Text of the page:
Review Summary: Those of us who listened to Slipknot through high school, and are now a little older and open-minded, might be curious to see what the band is up to.2 of 2 thought this review was well written
You can't please everybody. Slipknot learned that rule early when their association with late 90's nu-metal earned the ire of metal purists. So, hoping to keep their core fans and their reputation, they went away for a while and returned with Vol. 3, an exploration of a more refined, Slayer-like thrash sound as well as their faith in pop melody. The result was a varied but exhausting listen, heavy and catchy, even creepy-gothic, but lacking a deadly sharp edge somewhere in their dense nine-man sound.
Now comes their fourth studio album, and the first thing you'll notice is that the record is sonically satisfying. Producer Dave Fortman managed to balance the sound of nine guys making pummeling noise, and the result is disciplined chaos, enough to get even the most jaded metalhead back into the pits, and like its predecessors, All Hope Is Gone can be unsettlingly dark. Unfortunately, Fortman couldn't help the band push itself to further extremes. Isn't it time, for example, that the band explores the rhythmic possibilities of three (count 'em!) drummers? They touch on this in their smart first single Psychosocial, a muscular foray into mid-tempo groove metal.
So far, these nine guys have proved that they can play a lot of different styles, as proven by Vol. 3's gorgeous and disquieting "Circle", and the only song I would ever play during an autopsy, "Vermillion". This album goes for more of the heavy stuff, but the moods and dynamics are nicely varied. "Sulfur", "This Cold Black", and "Gematria", with its cathartic political bent, certainly work. However, the album loses steam as it goes on, though not because of a decline in the songwriting. Ultimately, the songs sound too similar, and the album ends up sounding weak and exhausted in places where Slipknot's nine members should have pushed themselves into both weirder and more brutal territory. The closest they come is with "Gehanna", which starts in-medias-res with its damaged midwestern psychosis but devolves into bland power chords.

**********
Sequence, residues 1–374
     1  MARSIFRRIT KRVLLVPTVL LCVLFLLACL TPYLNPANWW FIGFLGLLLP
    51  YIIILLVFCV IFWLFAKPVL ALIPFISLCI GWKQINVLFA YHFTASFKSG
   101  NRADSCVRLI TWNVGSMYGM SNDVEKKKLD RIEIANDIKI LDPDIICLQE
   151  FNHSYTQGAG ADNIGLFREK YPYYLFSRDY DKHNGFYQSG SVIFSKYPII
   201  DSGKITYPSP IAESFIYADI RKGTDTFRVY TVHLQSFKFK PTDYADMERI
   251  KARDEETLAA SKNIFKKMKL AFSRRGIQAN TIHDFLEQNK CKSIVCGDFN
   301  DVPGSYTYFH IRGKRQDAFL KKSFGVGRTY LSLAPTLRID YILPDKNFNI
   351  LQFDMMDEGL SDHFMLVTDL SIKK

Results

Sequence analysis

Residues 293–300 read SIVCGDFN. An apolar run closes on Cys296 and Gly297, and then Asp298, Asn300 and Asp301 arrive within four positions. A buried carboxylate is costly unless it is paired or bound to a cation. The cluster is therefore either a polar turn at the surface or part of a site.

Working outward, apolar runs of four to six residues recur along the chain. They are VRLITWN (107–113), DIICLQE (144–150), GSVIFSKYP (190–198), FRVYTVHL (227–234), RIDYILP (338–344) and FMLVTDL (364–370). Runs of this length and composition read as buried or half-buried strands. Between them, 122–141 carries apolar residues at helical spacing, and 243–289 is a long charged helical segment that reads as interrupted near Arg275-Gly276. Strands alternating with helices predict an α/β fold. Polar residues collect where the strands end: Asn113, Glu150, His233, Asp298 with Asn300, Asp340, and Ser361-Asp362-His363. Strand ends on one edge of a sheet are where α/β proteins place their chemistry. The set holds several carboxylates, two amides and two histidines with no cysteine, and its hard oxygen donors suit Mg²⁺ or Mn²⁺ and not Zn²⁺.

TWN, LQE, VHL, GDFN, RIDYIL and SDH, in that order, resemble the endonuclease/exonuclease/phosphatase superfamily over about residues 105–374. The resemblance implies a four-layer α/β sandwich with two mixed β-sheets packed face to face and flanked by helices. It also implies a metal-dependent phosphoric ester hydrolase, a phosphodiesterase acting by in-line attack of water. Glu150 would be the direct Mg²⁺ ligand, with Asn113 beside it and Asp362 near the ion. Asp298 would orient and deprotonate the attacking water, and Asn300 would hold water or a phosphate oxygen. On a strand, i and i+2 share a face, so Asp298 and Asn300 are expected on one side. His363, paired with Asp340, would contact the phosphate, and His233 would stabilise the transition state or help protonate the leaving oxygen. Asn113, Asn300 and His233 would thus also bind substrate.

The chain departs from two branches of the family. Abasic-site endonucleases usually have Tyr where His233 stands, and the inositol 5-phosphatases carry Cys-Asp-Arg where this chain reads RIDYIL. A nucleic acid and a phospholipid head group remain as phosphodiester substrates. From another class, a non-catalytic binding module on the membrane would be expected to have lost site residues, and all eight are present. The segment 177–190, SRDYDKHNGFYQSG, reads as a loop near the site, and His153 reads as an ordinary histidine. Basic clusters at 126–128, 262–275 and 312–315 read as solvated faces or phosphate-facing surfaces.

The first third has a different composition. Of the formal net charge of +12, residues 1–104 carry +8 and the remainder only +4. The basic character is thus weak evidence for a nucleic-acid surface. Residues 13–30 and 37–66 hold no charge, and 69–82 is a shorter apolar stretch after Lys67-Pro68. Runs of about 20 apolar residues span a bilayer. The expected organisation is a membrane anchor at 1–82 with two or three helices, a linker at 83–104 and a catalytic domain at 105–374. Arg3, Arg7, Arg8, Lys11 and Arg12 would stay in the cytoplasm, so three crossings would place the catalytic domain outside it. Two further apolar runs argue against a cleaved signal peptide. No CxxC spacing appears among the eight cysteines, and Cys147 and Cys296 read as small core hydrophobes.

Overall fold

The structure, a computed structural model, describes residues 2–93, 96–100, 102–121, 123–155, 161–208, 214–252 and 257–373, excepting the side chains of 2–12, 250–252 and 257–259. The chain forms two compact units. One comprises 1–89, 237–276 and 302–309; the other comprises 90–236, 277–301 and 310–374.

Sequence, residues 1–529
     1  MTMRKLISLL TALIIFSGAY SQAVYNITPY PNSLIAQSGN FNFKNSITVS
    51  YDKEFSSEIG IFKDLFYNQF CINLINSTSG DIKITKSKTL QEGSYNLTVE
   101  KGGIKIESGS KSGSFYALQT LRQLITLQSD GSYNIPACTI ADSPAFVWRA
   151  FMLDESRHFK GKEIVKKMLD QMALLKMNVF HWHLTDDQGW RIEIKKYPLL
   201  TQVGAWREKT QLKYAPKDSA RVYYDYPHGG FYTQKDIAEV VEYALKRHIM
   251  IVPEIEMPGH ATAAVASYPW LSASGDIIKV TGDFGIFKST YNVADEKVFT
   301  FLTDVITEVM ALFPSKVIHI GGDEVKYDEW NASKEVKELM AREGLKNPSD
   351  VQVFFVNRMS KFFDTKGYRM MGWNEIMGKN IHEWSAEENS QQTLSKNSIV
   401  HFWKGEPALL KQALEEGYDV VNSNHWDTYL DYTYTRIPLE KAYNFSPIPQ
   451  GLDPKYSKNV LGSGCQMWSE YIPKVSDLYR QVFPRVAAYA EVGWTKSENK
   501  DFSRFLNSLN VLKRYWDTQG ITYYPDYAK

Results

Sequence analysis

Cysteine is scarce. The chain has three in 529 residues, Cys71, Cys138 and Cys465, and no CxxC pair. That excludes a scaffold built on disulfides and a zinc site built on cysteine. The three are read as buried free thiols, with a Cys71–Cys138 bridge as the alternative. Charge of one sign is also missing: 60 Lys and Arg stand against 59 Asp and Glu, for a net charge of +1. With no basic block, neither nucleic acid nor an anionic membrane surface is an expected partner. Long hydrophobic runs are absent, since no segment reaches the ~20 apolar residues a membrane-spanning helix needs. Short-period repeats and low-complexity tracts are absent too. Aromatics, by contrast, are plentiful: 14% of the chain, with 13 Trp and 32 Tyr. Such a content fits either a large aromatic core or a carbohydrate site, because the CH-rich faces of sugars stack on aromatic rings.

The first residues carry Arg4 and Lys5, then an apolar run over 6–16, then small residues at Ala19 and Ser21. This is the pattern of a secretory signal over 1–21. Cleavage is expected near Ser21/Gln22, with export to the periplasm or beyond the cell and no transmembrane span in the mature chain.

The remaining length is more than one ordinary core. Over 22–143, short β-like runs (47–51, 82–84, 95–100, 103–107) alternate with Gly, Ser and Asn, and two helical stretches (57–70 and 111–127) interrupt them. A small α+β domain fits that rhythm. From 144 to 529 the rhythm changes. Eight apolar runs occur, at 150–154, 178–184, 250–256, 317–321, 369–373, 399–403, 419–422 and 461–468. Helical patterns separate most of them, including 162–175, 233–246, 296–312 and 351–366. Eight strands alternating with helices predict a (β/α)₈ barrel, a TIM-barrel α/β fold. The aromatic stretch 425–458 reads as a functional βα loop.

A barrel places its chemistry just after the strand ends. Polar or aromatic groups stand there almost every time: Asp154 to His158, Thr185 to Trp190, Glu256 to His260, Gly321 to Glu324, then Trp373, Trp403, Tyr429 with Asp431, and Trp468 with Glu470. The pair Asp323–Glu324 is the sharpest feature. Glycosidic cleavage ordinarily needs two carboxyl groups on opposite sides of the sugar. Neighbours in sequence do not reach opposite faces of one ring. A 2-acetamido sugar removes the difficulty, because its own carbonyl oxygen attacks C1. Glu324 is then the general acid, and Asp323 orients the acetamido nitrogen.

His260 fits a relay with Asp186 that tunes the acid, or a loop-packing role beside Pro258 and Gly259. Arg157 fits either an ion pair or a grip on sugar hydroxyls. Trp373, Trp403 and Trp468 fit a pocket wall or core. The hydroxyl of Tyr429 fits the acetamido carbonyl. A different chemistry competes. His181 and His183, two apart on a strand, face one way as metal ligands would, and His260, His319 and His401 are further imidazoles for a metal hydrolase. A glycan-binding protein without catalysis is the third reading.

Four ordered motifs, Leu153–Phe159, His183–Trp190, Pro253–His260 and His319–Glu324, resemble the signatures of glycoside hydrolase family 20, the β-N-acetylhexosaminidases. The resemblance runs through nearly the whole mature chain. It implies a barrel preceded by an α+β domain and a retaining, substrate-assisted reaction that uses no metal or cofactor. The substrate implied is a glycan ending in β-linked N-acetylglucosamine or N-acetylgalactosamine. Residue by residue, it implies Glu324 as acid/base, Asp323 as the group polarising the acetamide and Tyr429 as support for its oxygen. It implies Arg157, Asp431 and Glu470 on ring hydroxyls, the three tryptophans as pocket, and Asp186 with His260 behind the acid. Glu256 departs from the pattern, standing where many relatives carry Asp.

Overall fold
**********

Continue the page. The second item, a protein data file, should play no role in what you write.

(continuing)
Too often, though, the tunes are stuck in neutrality and convention. For Slipknot, playing slowly still means reverting to melody and softer ballad-ish dynamics, and playing fast still equals dense thrash. Sure, they're good at both----Corey Taylor is a talented singer with a surprising tonal command, and the band can still rock at any pace. But there's the lingering sense that the band as a whole is capable of a lot more if they hone their most disparate identities----heavy metal and diseased slowburn----into an affecting whole, a direction promised by Vol. 3 but unfulfilled here due to the overall blandness of the ideas they work with. Slipknot could learn a thing or two from, say, 80's hardcore punk or, conversely, Meshuggah. Or maybe they could hook up with Steve Albini and rediscover the power of a band playing all together in the same room, because something is missing, and it might have a lot to do with the lack of energy and ambition that such a divided writing/recording process can lead to.
Word has it that the band prepared some "oblique, arty pieces" for the album that didn't make the final cut. One cannot help but wonder if these might have truly fulfilled the band's potential but were ditched in favor of an album that could cater to the metal community in which they are desperately trying to become a legitimate name following too many years at Ozzfest with the likes of Korn and Limp Bizkit.
Slipknot's maturation has come during an interesting time in heavy music. Metal fans are running to the underground to satisfy their heaviest urges while simultaneously championing the classics from years passed. What is a metal band to do when such a paradox stands in the way? "The world will not change," Taylor screams. True, so Slipknot should be one step ahead of it, because this reviewer is pretty sure that the band still has something truly extreme, whatever that may end up meaning, up its sleeve.